Alessandro Topetta
Jason Sockin
Todd Schoellman
Paolo Martellini
UCL Policy Lab
Natalia Ramondo
Javier Cravino
Vanessa Alviarez
Natalia Ramondo
Javier Cravino
Vanessa Alviarez
Hugo Reis
Pedro Carneiro
Raul Santaeulalia-Llopis
Diego Restuccia
Chaoran Chen
Brad J. Hershbein
Claudia Macaluso
Chen Yeh
Xuan Tam
Xin Tang
Marina M. Tavares
Adrian Peralta-Alva
Carlos Carillo-Tudela
Felix Koenig
Joze Sambt
Ronald Lee
James Sefton
David McCarthy
Bledi Taska
Carter Braxton
Alp Simsek
Plamen T. Nenov
Gabriel Chodorow-Reich
Virgiliu Midrigan
Corina Boar
Sauro Mocetti
Guglielmo Barone
Steven J. Davis
Nicholas Bloom
José María Barrero
Thomas Sampson
Adrien Matray
Natalie Bau
Darryl Koehler
Laurence J. Kotlikoff
Alan J. Auerbach
Irina Popova
Alexander Ludwig
Dirk Krueger
Nicola Fuchs-Schündeln
Taylor Jaworski
Walker Hanlon
Ludo Visschers
Carlos Carillo-Tudela
Henrik Kleven
Kristian Jakobsen
Katrine Marie Jakobsen
Alessandro Guarnieri
Tanguy van Ypersele
Fabien Petit
Cecilia García-Peñalosa
Yonatan Berman
Nina Weber
Julian Limberg
David Hope
Pedro Tremacoldi-Rossi
Tatiana Mocanu
Marco Ranaldi
Silvia Vannutelli
Raymond Fisman
John Voorheis
Reed Walker
Janet Currie
Roel Dom
Marcos Vera-Hernández
Emla Fitzsimons
José V. Rodríguez Mora
Tomasa Rodrigo
Álvaro Ortiz
Stephen Hansen
Vasco Carvalho
Gergely Buda
Gabriel Zucman
Anders Jensen
Matthew Fisher-Post
José-Alberto Guerra
Myra Mohnen
Christopher Timmins
Ignacio Sarmiento-Barbieri
Peter Christensen
Linda Wu
Gaurav Khatri
Julián Costas-Fernández
Eleonora Patacchini
Jorgen Harris
Marco Battaglini
Ricardo Fernholz
Alberto Bisin
Jess Benhabib

Taxation

Stone Econ Research

One of the most enduring political economy puzzles of the past 40 years in the United States is why so many ordinary Americans support tax cuts for the rich. This paper aims to unpack this puzzle by providing new experimental evidence on what drives Americans’ preferences for cutting the top rate of federal income tax.

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Stone Econ Research

This study measures spending power inequality within age cohorts and estimates fiscal progressivity via lifetime net tax rates. We find, first, that inequality in income and especially wealth dramatically overstates inequality in spending power. Second, inequality in current spending power differs from that in lifetime spending power because of credit constraints, in-kind government benefits, and other factors. Third, the US fiscal system is highly progressive once cohorts are old enough to have highly dispersed human wealth. Fourth, households’ rankings based on current income can differ substantially from their rankings based on lifetime resources. Fifth, current-year net tax rates substantially understate fiscal progressivity.

Stone Econ Research

We study optimal capital income and wealth taxation in an economy that reproduces the importance of private businesses for output and inequality. If entrepreneurs are subject to collateral constraints, they face heterogeneous rates of return, which generate a meaningful distinction between capital income and wealth taxation. We find that taxing capital income is preferable to taxing wealth because the efficiency gains from wealth taxation are swamped by the redistributional benefits of taxing the profits of richer entrepreneurs. Consequently, the gains from taxing wealth are modest. This conclusion is robust to the planner's preference for redistribution and allowing for nonlinear taxes.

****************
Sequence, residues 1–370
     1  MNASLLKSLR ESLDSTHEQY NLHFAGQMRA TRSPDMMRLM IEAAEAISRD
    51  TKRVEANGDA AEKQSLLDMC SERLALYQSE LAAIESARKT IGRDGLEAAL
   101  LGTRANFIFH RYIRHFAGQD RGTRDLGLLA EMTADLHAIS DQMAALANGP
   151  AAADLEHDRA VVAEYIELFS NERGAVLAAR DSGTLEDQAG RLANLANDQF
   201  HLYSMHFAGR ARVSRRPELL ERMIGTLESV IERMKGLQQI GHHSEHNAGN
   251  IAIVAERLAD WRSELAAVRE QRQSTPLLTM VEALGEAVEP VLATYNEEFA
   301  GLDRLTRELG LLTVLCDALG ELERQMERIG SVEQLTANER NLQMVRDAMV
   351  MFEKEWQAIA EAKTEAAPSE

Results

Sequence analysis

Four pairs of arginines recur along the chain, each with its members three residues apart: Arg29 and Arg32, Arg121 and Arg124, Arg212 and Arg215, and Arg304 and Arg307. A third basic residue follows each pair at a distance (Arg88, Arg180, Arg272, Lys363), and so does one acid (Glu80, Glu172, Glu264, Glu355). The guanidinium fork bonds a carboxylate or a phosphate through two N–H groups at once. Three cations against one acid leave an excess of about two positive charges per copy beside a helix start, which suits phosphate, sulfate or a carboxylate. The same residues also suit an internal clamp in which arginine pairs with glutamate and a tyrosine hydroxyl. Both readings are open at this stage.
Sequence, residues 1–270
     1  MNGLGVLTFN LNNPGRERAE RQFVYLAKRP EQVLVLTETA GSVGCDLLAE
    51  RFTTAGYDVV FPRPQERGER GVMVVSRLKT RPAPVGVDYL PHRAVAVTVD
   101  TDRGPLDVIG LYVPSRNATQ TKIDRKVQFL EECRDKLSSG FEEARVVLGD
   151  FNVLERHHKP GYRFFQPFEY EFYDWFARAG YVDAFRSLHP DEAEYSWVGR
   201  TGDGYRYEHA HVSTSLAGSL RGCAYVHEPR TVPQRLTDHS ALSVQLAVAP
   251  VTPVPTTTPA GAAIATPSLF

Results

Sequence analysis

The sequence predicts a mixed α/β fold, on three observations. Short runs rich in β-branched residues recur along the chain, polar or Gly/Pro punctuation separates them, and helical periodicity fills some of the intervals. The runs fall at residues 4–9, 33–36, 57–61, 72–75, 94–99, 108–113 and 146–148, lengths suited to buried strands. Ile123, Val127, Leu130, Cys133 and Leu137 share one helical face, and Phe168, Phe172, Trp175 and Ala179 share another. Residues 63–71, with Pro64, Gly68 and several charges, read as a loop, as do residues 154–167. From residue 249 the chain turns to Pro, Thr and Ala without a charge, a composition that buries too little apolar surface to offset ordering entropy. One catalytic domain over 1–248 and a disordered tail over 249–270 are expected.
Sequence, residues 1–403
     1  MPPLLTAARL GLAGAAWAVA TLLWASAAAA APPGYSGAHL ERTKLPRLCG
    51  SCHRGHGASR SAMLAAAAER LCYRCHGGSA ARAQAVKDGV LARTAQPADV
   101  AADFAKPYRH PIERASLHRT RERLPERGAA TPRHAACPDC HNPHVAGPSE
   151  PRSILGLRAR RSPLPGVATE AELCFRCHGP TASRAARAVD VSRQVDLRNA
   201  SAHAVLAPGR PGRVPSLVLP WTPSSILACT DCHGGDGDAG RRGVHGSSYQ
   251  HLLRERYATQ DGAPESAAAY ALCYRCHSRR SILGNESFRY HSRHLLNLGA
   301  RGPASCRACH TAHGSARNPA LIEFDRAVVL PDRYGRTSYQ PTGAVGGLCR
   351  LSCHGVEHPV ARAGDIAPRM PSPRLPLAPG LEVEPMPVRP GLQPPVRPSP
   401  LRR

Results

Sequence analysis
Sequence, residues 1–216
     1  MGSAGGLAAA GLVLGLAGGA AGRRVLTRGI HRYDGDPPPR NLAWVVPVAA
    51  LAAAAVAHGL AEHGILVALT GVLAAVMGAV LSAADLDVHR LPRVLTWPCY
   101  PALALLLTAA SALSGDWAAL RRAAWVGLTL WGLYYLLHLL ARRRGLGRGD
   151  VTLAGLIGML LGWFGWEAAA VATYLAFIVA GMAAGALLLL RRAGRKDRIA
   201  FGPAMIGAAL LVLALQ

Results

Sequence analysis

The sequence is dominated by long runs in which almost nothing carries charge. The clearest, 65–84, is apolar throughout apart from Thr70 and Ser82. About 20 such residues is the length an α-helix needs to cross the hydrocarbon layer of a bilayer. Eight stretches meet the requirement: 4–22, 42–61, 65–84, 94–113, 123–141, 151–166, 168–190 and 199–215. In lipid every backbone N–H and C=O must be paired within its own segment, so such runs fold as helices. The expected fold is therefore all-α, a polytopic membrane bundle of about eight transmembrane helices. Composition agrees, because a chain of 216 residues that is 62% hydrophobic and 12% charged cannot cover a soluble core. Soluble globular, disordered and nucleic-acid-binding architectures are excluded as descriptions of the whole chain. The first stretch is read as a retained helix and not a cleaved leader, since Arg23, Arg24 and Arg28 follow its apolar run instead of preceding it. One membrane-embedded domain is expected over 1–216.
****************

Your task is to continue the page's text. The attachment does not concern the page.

Stone Econ Research

We quantitatively investigate the welfare costs of increasing tax revenues in low-income countries. We consider three tax instruments: consumption, labour income and capital income taxes. The analysis is based on a general equilibrium model featuring heterogeneous agents, incomplete financial markets, and rural and urban areas. We calibrate the model to Ethiopia and decompose the welfare costs into their aggregate and distributional components. We find that changing taxes alter the composition of demand. This, together with limited labour mobility, causes the incidence of higher taxes to fall disproportionately on the rural population, regardless of the instrument. Consumption taxes are the instrument with the largest welfare loss.

Stone Econ Research

The optimal tax system amplifies the redistributive effects of prices rather than offsetting them, and that this amplification is stronger when we consider the endogenous response of markets.

Stone Econ Research

The authors devise a method to simulate the impact of COVID-19 triggered lockdowns on the profits of formal-sector firms, using available corporate tax records. They focus on ten lower-income countries, for which data is typically scarcer.

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Stone Econ Research

How has cross-border integration affected the relative taxation of labour and capital historically and globally? And which countries have been most affected by the erosion of effective capital taxation, and why? Answering these questions is critical to shed light on the macroeconomic effects and long-run social sustainability of globalisation.

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Stone Econ Research

This paper examines how tax incentives lower effective tax rates and how they vary with firm size. This is important because tax incentives generate a government revenue loss, can distort firms’ production, and may exacerbate inequality. We also use our estimates of effective tax rates to assess the potential impact of a Global Minimum Tax.

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Stone Econ Research

This paper investigates the effects of wealth taxes on wealth accumulation, combining administrative data on wealth data Denmark and a theoretical life-cycle model of wealth accumulation.

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Taxation